National Truth and Reconciliation Day marks the resilience of Indigenous peoples

Monday, September 25th, 2023 1:32pm


Image Caption

Claudette Commanda. Photo from the University of Ottawa.


“The way I see it, it's elevating the respect for survivors in the same way November 11 is about respecting the veterans.” — Elder Claudette Commanda
By Shari Narine
Local Journalism Initiative Reporter

On Saturday, Sept. 30, Canada marks the third annual National Day of Truth and Reconciliation. It raises awareness about the legacy of the Indian residential school system, commemorates survivors and their families, and honours the children who never made it home from those institutions.

The National Centre for Truth and Reconciliation and APTN will host a 90-minute multilingual commemoration event on Parliament Hill.

In 2015, the Truth and Reconciliation Commission on Indian residential schools called for the federal government to establish a statutory holiday “to honour Survivors, their families, and communities, and ensure that public commemoration of the history and legacy of residential schools remains a vital component of the reconciliation process.”

Along with the federal government, the three territories, and only the provinces of Prince Edward Island, New Brunswick and British Columbia, mark Sept. 30 as a statutory holiday.

Claudette Commanda, an Algonquin Anishinaabe from the Kitigan Zibi Anishinabeg First Nation, will be one of the Elders taking part in the commemorative event on Parliament Hill. She admits she never thought a day like this would ever happen, but now that it is here, she wants to see it be more.

For those provinces that don’t recognize the day, Commanda says that is a show of disrespect.

“If it's in law that it is a statutory holiday…it gives (the day) more clout and they should (take part) because, the way I see it, it's elevating the respect for survivors in the same way November 11 is about respecting the veterans,” said Commanda.

Especially, she adds, as more and more unmarked graves continue to be located at the sites of residential schools.

“No matter how dark the truth is, the darkest of Canada, it's still the truth and that's what we've got to start with. The history of residential schools and the impacts of these residential schools to communities, and we're still living the trauma of those residential schools,” said Commanda, who is the first Indigenous leader to be named Chancellor of the University of Ottawa.

Even if provinces are baulking at adding another statutory holiday to their list of paid days off, Commanda says they should at least hold educational events or workshops with Elders so their staff can learn about residential schools and their impacts.

For Commanda, Sept. 30 is a day for honouring, praying, but mostly reflection.

“Reflect means in the sense that Canadians need to reflect on their past, and they, first of all, they need to listen to the voices of the survivors when they speak of their stories and their different realities,” she said.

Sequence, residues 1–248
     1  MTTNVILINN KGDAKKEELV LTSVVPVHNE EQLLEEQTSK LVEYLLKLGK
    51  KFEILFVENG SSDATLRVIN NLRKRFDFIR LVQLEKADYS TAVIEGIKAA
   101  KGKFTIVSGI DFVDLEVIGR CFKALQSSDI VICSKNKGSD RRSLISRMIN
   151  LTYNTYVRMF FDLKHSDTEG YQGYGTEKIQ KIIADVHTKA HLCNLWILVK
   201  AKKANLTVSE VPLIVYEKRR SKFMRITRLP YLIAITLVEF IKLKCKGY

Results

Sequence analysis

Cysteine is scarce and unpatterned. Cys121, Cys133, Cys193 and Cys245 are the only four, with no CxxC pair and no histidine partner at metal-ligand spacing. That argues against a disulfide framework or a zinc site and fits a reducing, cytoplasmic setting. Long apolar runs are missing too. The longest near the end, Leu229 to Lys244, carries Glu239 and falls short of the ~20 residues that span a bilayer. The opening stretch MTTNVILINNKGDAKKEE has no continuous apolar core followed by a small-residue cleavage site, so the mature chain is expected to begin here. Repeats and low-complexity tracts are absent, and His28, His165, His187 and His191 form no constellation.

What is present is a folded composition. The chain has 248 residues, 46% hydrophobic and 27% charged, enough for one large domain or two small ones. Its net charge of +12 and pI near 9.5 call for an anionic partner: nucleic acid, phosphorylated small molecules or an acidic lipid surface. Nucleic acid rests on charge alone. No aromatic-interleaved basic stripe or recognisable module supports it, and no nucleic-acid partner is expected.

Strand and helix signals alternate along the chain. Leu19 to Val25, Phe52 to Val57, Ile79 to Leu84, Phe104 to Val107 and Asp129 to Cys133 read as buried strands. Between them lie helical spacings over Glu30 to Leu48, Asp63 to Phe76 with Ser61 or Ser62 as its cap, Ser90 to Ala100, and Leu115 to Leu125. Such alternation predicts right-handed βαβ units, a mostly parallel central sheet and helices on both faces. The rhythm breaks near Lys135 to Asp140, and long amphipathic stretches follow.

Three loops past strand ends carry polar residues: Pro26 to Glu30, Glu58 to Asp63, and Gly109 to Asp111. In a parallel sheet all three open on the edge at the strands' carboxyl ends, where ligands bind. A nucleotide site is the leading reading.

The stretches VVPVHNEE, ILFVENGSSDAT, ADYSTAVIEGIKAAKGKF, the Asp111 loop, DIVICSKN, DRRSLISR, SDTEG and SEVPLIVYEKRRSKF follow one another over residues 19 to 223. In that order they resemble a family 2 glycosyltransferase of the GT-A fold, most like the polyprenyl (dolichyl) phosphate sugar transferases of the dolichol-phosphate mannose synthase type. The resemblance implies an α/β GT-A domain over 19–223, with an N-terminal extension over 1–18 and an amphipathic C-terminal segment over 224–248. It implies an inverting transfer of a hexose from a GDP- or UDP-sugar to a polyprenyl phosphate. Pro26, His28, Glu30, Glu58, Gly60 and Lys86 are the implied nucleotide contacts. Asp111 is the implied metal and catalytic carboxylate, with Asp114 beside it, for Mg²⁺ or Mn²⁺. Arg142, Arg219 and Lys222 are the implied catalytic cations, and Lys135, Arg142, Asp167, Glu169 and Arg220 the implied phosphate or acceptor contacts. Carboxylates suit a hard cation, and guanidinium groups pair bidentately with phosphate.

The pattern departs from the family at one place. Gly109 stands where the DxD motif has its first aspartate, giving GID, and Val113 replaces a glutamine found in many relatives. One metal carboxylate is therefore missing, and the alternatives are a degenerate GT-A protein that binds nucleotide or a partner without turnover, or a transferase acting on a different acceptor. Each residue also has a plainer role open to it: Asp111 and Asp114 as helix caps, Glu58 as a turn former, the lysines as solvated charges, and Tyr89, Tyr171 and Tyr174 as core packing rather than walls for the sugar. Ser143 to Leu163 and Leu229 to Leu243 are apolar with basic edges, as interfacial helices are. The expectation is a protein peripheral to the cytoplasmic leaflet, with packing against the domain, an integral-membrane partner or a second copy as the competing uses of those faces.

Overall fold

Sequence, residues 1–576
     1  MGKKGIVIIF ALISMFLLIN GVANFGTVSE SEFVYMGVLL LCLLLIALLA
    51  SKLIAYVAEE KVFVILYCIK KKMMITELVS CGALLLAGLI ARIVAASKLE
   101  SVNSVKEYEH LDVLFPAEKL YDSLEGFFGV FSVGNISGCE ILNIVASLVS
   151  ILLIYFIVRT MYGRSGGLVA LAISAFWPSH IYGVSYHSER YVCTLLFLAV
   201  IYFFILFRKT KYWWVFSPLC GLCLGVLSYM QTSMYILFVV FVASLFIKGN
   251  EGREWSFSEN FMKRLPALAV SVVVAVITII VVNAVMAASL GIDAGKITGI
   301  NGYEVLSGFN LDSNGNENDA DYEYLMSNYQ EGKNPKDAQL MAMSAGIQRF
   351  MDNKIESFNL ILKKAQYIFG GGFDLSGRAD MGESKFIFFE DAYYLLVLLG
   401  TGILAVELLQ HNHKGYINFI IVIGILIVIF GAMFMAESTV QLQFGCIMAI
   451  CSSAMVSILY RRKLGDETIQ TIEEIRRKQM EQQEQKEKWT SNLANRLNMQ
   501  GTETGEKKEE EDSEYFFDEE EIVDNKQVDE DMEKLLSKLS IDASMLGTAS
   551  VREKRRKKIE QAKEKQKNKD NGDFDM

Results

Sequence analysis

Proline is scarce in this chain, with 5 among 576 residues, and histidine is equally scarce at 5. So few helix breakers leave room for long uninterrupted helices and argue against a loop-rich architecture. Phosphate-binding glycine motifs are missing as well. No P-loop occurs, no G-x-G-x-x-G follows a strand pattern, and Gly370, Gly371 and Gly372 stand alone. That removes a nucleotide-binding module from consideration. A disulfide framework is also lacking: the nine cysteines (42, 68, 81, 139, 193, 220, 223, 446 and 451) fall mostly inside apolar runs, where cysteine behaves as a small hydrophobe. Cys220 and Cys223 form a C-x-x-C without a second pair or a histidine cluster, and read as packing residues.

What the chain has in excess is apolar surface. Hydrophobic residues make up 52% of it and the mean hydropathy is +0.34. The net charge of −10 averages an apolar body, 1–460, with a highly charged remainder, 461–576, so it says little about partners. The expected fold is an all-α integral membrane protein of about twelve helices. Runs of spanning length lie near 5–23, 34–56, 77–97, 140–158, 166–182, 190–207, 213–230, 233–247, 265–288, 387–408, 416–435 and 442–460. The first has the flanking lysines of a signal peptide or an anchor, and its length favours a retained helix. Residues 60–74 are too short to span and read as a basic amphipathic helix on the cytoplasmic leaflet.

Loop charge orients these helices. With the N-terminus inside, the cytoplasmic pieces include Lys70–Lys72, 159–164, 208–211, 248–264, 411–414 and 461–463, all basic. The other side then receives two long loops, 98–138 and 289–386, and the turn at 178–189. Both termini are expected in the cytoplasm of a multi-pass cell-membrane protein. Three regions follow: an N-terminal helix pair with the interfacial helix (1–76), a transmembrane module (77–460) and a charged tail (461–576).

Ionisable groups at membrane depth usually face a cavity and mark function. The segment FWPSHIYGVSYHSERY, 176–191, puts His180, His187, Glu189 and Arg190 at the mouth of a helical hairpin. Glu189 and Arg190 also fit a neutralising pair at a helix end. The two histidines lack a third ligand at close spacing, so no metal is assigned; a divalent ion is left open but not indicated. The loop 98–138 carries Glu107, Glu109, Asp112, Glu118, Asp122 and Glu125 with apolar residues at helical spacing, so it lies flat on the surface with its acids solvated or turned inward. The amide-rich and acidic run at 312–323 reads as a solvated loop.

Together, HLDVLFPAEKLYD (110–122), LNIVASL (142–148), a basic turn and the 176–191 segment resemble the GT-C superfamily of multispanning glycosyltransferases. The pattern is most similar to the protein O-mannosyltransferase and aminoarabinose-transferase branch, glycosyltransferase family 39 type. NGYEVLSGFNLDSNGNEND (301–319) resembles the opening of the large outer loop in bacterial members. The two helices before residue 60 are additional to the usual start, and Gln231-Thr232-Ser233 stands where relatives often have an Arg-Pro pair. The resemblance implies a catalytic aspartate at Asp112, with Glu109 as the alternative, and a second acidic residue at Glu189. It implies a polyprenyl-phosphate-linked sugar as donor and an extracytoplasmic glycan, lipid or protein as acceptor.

Sept. 30 was selected as the commemoration day as it marked the time of year children were taken from their homes and, since 2013, has been observed as Orange Shirt Day. Residential school survivor Phyllis Webstad, at age six, was stripped of her brand-new orange shirt on her first day attending the St. Joseph Mission Residential School near Williams Lake, B.C. Orange Shirt Day is a movement to recognize the colonial legacy of residential schools and commit to the ongoing process of reconciliation.

As for the celebration that is tied to the day, Commanda says that marks the resilience of a people “who are still here.”

Commanda will be joined at the Sept. 30 event, entitled Remembering the Children, by Dr. Evan Adams and Dr. Levinia Brown. There will also be performances by First Nations, Inuit and Métis artists, including Aysanabee, Willows, and Alicia Kayley.

“National Day for Truth and Reconciliation is an opportunity for all of us, Indigenous and non-Indigenous, to come together in a spirit of healing and understanding,” said APTN CEO Monika Ille.

“This commemoration is our time to reflect collectively as a nation as we listen to the Elders and Survivors who are sharing their oral histories and their healing journeys. Only then can we truly begin to walk the path of reconciliation together,” reads a press statement from Stephanie Scott, executive director for the National Centre for Truth and Reconciliation.

Those who attend the event are encouraged to bring a pair of traditional shoes to place at the front of the stage in honour of all the Indigenous children who have gone missing. After the event, the footwear will be donated to charity. 

Charles Bender and Madeleine Allakariallak will host Remembering the Children, which will include dialogue in English, French and Indigenous languages. The live gathering will be broadcast on all APTN channels and made available to all Canadian broadcasters CBC, Citytv, CPAC, CTV, Global News, Radio-Canada, Inuit TV and Uvagut TV.

Local Journalism Initiative Reporters are supported by a financial contribution made by the Government of Canada.